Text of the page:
President Donald Trump’s attendance at the opening of the Mississippi Civil Rights Museum has understandably resulted in an outcry from would-be attendees — some of whom have backed out of appearing at the opening in protest against presidential policies that they believe undermine the ongoing struggle for civil rights. In a joint statement, Democratic Reps. John Lewis of Georgia and Bennie G. Thompson of Mississippi said:
“President Trump’s attendance and his hurtful policies are an insult to the people portrayed in this civil rights museum. The struggles represented in this museum exemplify the truth of what really happened in Mississippi. President Trump’s disparaging comments about women, the disabled, immigrants, and National Football League players disrespect the efforts of Fannie Lou Hamer, Aaron Henry, Medgar Evers, Robert Clark, James Chaney, Andrew Goodman, Michael Schwerner, and countless others who have given their all for Mississippi to be a better place. After President Trump departs, we encourage all Mississippians and Americans to visit this historic civil rights museum.”
The White House responded, calling their protest “unfortunate” in a statement issued by Sarah Huckabee Sanders. “We think it’s unfortunate that these members of Congress wouldn’t join the President in honoring the incredible sacrifice civil rights leaders made to right the injustices in our history. The President hopes others will join him in recognizing that the movement was about removing barriers and unifying Americans of all backgrounds,” Sanders said in a press pool report.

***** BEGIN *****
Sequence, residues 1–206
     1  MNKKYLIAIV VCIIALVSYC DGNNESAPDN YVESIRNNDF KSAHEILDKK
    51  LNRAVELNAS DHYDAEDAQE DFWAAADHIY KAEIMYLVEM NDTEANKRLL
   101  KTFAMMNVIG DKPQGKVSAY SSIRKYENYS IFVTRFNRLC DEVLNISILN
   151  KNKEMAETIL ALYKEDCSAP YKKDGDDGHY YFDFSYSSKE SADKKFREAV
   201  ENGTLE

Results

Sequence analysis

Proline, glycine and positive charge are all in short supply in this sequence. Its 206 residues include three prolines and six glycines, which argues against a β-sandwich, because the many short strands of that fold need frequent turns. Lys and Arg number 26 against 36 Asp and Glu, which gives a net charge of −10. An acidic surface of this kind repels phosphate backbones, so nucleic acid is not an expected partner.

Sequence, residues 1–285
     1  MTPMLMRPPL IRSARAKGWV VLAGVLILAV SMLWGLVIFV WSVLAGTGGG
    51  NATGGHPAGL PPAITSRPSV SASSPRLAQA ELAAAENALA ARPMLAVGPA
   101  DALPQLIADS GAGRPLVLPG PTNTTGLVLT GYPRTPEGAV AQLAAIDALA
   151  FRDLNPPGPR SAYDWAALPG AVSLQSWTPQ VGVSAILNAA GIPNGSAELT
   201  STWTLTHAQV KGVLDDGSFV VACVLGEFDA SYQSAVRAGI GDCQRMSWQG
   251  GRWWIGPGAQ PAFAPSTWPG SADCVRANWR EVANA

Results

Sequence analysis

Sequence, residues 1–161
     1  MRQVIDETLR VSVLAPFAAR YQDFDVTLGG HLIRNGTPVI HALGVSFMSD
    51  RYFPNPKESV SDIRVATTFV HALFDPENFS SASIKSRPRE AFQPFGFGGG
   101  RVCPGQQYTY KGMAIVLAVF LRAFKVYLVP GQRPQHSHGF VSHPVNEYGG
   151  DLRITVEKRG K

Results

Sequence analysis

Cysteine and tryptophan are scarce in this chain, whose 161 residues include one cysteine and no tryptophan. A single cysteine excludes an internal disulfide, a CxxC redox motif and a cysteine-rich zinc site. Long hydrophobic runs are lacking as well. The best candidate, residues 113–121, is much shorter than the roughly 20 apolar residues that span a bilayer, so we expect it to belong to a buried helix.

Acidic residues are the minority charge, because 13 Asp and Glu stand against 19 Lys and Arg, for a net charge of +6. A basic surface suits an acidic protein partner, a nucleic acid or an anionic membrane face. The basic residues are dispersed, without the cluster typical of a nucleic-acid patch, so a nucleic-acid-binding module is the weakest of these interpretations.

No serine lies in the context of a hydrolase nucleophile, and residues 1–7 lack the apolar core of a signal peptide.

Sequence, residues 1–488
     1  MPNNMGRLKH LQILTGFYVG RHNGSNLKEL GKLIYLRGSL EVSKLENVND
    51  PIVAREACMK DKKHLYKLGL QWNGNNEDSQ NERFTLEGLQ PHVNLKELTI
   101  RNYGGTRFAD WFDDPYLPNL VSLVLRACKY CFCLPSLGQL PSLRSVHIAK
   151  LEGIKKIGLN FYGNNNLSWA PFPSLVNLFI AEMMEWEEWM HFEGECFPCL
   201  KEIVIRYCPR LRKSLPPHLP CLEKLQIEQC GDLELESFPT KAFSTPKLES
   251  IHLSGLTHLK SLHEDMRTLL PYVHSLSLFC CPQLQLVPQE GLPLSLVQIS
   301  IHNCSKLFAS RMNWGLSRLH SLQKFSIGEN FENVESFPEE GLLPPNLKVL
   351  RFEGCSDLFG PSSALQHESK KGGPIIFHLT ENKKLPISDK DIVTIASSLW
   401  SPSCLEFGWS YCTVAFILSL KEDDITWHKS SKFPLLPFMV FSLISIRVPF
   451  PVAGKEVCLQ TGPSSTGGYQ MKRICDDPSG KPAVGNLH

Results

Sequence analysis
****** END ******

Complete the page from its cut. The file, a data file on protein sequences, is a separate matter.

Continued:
Read that again. Sanders was upset that "these members of Congress" weren't going to honor the "incredible sacrifice" of "civil rights leaders." Does she know that one of "these members of Congress" was one of her aforementioned "civil rights leaders?" Rep. John Lewis is — along with Martin Luther King Jr., James Farmer, Whitney Young, Roy Wilkins and A. Philip Randolph — one of the momentous "Big Six" civil rights leaders who organized the 1963 March on Washington for Jobs and Freedom, considered a pivotal moment in the civil rights movement. As the chairman of the Student Nonviolent Coordinating Committee (SNCC), Lewis organized sit-ins in the 1960s to protest segregation. He was also one of the Freedom Riders, a group of of black and white civil rights activists who rode on segregated buses through the South to challenge Jim Crow laws. Many were beaten, attacked by mobs, or sent to prison.
This isn't a good look for Sarah Huckabee Sanders, nor the Trump administration. Though Huckabee Sanders seems to revel in issuing Orwellian, hypocritical statements that belie basic facts or history.
Likewise, there have been numerous instances where Trump has made public statements that were either openly racist or used white nationalist dog whistles. Moreover, it’s no secret that the president is disinterested in social justice (the travel ban and the wall are just a couple of examples).
Rather than supporting a civil rights leader's right to protest, Sanders condemned him. Thus, an event that was meant to be celebration of civil rights gains has turned into another episode of the Trump Show.